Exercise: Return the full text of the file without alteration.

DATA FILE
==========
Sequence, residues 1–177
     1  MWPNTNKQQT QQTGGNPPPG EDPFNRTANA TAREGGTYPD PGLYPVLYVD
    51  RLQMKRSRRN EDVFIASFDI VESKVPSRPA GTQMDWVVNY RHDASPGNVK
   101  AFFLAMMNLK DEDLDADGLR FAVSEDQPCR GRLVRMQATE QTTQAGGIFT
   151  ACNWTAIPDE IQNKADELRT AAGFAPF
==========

Sequence, residues 1–177
     1  MWPNTNKQQT QQTGGNPPPG EDPFNRTANA TAREGGTYPD PGLYPVLYVD
    51  RLQMKRSRRN EDVFIASFDI VESKVPSRPA GTQMDWVVNY RHDASPGNVK
   101  AFFLAMMNLK DEDLDADGLR FAVSEDQPCR GRLVRMQATE QTTQAGGIFT
   151  ACNWTAIPDE IQNKADELRT AAGFAPF